What Type of Preferences? Class vs. Race
Ever since the late 1960s, when colleges and universities began to extend admissions preferences to the “disadvantaged,” both “race” and “class” have been in the mix. Race-based preferences focus on groups that are significantly underrepresented in higher education: Blacks, Hispanics, American Indians, and sometimes other groups, such as Pacific Islanders or Filipinos. Class-based preferences focus instead on individual markers of disadvantage, such as whether the applicant’s parents attended college, parental income, the poverty level in the applicant’s home neighborhood, the academic quality of the applicant’s high school, and the like.
Some scholars have argued that colleges and universities use the rhetoric of disadvantage in describing their preference programs, but in fact focus heavily on racial representation and give short-shrift to class. A leading voice in this debate is Richard Kahlenberg whose book The Remedy, published in 1996, urged that racial preferences should be ended in favor of a class-based preference system. Kahlenberg argued that class-based preferences had greater public support, were less divisive, did not pose the legal problems of race-based preferences, and were intrinsically more fair. Others, such as Maimon Schwarzschild are less certain about this, arguing, for example, that defining the exact nature of such measures is at best difficult and that they also have the potential to be both arbitrary and unfair.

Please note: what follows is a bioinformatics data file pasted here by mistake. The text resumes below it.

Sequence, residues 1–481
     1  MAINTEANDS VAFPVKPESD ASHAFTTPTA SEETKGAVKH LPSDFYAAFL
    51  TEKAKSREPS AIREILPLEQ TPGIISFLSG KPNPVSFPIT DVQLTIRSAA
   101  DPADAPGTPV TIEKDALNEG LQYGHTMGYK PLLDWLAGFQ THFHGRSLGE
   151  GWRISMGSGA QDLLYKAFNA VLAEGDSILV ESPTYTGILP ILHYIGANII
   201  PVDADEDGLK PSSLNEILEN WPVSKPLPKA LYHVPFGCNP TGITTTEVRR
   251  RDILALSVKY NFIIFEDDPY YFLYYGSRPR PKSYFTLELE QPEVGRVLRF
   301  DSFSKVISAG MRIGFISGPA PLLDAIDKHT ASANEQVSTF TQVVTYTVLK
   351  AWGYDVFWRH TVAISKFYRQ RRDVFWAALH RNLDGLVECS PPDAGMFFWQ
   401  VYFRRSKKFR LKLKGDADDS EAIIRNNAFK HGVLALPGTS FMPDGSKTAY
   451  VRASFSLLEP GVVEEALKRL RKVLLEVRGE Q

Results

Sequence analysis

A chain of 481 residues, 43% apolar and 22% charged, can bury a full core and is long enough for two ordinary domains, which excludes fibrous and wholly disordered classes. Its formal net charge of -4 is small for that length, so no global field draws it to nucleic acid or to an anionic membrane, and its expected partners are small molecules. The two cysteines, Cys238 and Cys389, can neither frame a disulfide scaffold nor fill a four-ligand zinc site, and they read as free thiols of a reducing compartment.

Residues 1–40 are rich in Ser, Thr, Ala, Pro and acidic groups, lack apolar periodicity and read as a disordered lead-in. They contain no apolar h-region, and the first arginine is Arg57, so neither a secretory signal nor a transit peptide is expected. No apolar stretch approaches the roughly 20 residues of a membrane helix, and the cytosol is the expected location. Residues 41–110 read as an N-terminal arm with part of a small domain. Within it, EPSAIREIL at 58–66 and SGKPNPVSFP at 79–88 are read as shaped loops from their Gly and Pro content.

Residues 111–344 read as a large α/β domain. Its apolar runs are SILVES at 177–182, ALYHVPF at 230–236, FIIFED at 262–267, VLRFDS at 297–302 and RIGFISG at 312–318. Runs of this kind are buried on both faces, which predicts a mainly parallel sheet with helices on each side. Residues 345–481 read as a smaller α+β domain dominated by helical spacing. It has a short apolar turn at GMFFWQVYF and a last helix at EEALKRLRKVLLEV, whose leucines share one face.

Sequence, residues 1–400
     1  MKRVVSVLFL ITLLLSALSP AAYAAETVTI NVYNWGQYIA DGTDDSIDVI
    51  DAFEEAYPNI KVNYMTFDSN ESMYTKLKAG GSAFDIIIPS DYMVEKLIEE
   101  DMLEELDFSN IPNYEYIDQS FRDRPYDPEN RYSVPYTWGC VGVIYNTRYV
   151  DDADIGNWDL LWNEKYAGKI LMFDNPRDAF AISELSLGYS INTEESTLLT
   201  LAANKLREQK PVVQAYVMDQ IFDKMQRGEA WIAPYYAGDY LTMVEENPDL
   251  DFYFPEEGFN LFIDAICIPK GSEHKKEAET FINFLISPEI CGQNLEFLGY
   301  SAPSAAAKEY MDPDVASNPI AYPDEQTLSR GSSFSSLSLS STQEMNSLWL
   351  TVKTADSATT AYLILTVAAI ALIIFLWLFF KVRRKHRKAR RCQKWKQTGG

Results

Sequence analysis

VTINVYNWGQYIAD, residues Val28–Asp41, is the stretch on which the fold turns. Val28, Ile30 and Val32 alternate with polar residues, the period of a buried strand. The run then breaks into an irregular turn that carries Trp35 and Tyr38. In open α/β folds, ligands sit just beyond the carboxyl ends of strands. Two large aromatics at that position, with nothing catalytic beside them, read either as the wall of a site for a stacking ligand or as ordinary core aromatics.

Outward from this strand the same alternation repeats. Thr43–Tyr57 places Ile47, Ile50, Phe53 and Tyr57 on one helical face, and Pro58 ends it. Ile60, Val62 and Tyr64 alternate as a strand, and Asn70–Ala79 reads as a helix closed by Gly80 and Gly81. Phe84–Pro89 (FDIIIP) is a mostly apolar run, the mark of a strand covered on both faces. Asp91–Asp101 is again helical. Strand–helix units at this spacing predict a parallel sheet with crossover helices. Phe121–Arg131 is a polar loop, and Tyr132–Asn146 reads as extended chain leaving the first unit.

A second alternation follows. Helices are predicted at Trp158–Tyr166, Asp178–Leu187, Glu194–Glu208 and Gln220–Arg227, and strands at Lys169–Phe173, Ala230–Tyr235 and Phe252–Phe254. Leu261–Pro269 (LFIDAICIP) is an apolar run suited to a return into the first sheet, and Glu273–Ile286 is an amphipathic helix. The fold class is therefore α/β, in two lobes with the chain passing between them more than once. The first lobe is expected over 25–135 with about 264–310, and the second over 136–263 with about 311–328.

The current Harvard College litigation may provide valuable insights into this debate. When Students for Fair Admissions (SFFA) brought suit in 2014, alleging illegal and unconstitutional racial discrimination, the most prominent issue in the case was Harvard’s alleged discrimination in undergraduate admissions against Asian-Americans. But the plaintiffs also contended that Harvard could accomplish its diversity objectives through class-based preferences without considering race at all.
The extensive discovery permitted in the case enabled experts on both sides to analyze in depth six years of undergraduate admissions outcome. This made it possible to measure the weight given various factors in the admissions process. According to SFFA’s experts, Harvard gave substantially more weight to “race” than to “class” in its admissions. They also found that when it came to Black applicants, Harvard gave no weight at all to “class,” so that the college’s Black admittees were arguably even less likely to come from low-SES backgrounds.
Further analysis of these materials may well shed important new light on the actual nature and effects of class considerations as admissions criteria. If, as proponents of class-based systems maintain, they lead to equal if not greater diversity they have the benefit of both achieving the same goals as race-based systems and avoiding the near-fatal rigors of strict judicial scrutiny.
List of Citations
Richard D. Kahlenberg. The Remdey: Class, Race, and Affirmative Action. 1996: Basic Books.
Maimon Schwarzschild. A Class Act? Social-Class Affirmative Action and Higher Education. 2021: in Gail Heriot & Maimon Schwarzschild (Eds.). A Dubious Expediency: How Race Preferences Damage Higher Education, Encounter Books, pp. 235-61.
Elizabeth Aries. Race and Class Matters at an Elite College. 2008: Temple University Press.
Elizabeth Aries (with Richard Berman). Speaking of Race and Class: The Student Experience at an Elite College. 2013: Temple University Press.
Richard D. Kahlenberg (Ed.). The Future of Affirmative Action: New Paths to Higher Education Diversity after Fisher v. University of Texas. 2014: The Century Foundation Press.
Richard D. Kahlenberg (Ed.). Affirmative Action for the Rich: Legacy Preferences in College Admissions. 2010: Century Foundation Books.
Richard D. Kahlenberg. Rewarding Strivers: Helping Low-Income Students Succeed in College. 2010: Century Foundation Books.
Richard D. Kahlenberg. American’s Untapped Resource: Low-Income Students in Higher Education. 2004: Century Foundation Books.